Unless you’ve chosen to lock yourself down on your couch for the last year, you know that pub/sub is all the rage. You’ve heard that MQTT (most of it appropriate) and Industry 4.0 (a.k.a smart manufacturing and digitalization) are going to bring us peace, prosperity, and a chicken in every pot. I’m not going to entirely rain on the pub/sub parade, but many of the industry pundits are getting this wrong, sometimes by a little and sometimes by a lot.
I’ll admit it, there are many positive attributes of the publisher/subscriber architecture:
- Clients are not connected to the data originators. They simply view the set of available data topics and subscribe to the data.
- Data is only communicated when new data is available. Precious bandwidth is preserved (bandwidth is continually expanding and becoming less precious as it does).
- A single server serves as the source of data for any and all who want it.
- The architecture has been advanced to include data context and knowledge of when data originators are online and offline (MQTT Sparkplug™).
All these benefits are real and attractive to many of us building manufacturing Ethernet networks. Where the proponents of pub/sub get it all wrong is applying this new architecture too broadly. I read an article from earlier this year in Automation World, “What Pub/Sub means for Industrial Networks”, by Beth Stackpole that makes my point.
The benefits of the pub/sub architecture lend themselves very nicely to the Industrial Internet of Things (IIoT). That is an architecture with many possible clients accessing data possibly through a single router and/or switch where one port serves to connect the industrial side of the network to the applications on the Enterprise. I have no argument at all when Ms. Stackpole espouses the efficacy of pub/sub to IIOT.
However, she gets it completely wrong when she suggests that the pub/sub architecture portends the end of control network architectures like EtherNet/IP, PROFINET IO, and even Modbus TCP. She goes completely off the rails when she proposes that this architecture means the demise of the controller-device architecture currently used by the majority of manufacturers. In these architectures, the benefits of pub/sub are not only not apparent, they are insignificant if they are applicable at all.
Pub/sub isn’t applicable to manufacturing systems for a number of very good reasons:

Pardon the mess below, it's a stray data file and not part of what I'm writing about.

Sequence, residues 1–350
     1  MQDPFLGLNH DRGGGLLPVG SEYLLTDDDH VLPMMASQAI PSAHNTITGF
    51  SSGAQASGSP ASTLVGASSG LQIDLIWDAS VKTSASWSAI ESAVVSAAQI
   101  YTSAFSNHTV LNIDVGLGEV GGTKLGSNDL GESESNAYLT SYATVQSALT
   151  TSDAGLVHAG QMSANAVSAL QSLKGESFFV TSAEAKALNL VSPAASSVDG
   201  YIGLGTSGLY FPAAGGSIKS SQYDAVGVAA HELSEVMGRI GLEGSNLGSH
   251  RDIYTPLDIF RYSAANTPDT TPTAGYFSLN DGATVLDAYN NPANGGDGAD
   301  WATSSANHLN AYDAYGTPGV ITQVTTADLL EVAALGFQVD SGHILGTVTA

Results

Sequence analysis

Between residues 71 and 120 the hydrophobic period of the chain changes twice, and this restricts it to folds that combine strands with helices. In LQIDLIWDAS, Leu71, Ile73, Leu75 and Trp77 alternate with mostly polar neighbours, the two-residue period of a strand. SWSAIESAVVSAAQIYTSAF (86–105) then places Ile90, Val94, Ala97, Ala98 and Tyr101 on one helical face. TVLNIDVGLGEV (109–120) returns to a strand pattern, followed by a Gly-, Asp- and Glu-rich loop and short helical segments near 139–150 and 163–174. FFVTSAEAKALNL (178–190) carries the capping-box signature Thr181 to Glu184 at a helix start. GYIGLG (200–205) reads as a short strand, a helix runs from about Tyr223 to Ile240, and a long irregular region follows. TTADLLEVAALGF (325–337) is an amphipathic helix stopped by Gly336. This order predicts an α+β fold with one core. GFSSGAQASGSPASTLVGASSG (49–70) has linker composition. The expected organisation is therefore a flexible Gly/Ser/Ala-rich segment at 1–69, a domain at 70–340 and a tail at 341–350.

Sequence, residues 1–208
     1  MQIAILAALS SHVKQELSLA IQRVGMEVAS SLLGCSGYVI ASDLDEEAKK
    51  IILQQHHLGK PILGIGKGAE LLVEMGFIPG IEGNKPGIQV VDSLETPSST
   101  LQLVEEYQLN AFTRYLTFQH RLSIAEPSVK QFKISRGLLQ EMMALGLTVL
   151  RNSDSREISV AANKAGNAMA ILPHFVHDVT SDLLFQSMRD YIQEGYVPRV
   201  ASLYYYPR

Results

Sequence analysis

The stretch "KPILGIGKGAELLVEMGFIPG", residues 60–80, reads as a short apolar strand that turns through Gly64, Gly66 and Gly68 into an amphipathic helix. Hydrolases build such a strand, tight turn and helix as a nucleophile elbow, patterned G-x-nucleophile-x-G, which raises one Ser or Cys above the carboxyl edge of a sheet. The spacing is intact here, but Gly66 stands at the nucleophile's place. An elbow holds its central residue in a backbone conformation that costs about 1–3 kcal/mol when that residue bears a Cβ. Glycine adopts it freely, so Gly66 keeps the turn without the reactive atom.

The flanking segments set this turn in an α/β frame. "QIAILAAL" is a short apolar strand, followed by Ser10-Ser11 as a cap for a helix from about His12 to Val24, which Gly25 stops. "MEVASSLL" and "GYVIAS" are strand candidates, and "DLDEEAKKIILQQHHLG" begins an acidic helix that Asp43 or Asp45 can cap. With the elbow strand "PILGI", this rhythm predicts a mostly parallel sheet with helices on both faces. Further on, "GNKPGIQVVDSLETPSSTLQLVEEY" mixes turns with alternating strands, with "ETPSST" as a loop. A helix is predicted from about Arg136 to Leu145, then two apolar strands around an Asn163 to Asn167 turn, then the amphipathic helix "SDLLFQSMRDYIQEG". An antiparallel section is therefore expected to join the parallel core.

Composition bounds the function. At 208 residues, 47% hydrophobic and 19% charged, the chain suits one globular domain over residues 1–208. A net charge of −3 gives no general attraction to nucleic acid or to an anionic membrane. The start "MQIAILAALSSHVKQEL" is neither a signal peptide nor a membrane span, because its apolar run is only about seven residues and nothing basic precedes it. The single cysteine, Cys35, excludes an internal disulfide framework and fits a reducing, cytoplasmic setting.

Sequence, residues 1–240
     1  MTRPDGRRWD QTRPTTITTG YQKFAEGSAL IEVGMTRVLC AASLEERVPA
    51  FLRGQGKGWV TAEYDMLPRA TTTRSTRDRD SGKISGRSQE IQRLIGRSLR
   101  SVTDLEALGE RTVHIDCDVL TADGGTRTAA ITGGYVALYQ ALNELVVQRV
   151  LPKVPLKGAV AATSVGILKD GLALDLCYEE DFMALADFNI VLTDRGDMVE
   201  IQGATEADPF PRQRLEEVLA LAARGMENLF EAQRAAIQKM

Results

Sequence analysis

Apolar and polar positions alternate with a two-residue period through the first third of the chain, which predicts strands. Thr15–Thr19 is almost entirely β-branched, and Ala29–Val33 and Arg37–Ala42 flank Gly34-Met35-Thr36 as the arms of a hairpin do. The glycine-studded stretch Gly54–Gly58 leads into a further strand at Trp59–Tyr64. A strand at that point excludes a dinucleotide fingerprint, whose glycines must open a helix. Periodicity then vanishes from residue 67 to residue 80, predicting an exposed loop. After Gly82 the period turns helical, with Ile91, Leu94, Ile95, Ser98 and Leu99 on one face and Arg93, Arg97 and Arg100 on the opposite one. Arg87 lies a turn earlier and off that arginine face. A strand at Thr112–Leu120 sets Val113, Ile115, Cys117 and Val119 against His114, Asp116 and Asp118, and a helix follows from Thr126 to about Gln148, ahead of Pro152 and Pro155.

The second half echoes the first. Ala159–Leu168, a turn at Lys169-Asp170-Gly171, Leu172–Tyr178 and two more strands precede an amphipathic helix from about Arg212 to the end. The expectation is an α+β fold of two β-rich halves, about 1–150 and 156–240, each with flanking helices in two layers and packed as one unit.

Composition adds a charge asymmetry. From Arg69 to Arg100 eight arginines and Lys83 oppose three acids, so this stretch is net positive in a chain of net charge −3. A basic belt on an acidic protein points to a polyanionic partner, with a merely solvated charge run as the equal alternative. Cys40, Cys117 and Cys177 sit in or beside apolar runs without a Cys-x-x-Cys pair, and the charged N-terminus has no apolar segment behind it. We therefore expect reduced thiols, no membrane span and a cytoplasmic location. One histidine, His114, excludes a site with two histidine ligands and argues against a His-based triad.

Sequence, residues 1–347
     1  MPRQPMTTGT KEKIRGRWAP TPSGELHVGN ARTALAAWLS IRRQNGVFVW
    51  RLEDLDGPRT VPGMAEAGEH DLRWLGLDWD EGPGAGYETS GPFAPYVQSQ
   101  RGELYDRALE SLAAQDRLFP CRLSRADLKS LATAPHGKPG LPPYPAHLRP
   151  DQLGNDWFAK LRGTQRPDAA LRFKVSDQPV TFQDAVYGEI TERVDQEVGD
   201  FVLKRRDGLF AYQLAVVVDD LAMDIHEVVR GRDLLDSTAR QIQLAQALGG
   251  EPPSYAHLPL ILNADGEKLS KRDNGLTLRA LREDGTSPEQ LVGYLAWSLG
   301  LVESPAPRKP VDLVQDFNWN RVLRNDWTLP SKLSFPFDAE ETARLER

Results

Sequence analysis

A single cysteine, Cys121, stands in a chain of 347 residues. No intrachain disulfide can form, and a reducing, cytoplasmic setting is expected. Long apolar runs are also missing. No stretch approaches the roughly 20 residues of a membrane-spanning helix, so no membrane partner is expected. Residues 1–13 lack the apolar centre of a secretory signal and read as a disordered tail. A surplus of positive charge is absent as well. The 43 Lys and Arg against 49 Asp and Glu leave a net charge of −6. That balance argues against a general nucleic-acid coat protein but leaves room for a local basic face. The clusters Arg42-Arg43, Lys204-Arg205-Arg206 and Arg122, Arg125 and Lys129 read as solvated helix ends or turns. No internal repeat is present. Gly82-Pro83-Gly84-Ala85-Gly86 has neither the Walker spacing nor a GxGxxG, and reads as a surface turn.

- In manufacturing control networks, there is no need for multiple subscribers to access devices in a control network. These networks are PLC-centric, and there should be only one cell controller and its I/O in each process control segment. The PLC control algorithm is the only device that needs access to the end devices.
- All devices on the cell network must be integral to the control of the process or they shouldn’t be on the network. Data gathering devices should not be connected to the process control network. Gary Workman and I are making this very point in our forthcoming book, “Everyman’s Guide to the Design of EtherNet/IP Networks.”
- In a control network, it is vital that a controller have continuous and immediate contact with all of its control devices. A pub/sub architecture does not provide that. In pub/sub, contact with the control devices is sporadic and, in many pub/sub architectures, the controller never knows if the end device is online or not.
- In manufacturing networks, data context is integral to the operation of the network. Pub/sub networks often lack data context.
End devices that must provide data to other applications should do that by connecting to a second network (dual network connectivity in the device) where they can send IoT data in such a way that the control network is never disrupted.
In the exuberance over pub/sub, some in our industry have raced to promote it as THE answer to every problem. Like many other technologies, pub/sub has its advantages but it is far from a panacea for every problem on the factory floor.
Pub/sub is very worthwhile and useful in manufacturing, but it can’t and should never replace the dedicated I/O networks that manufacturers are using today.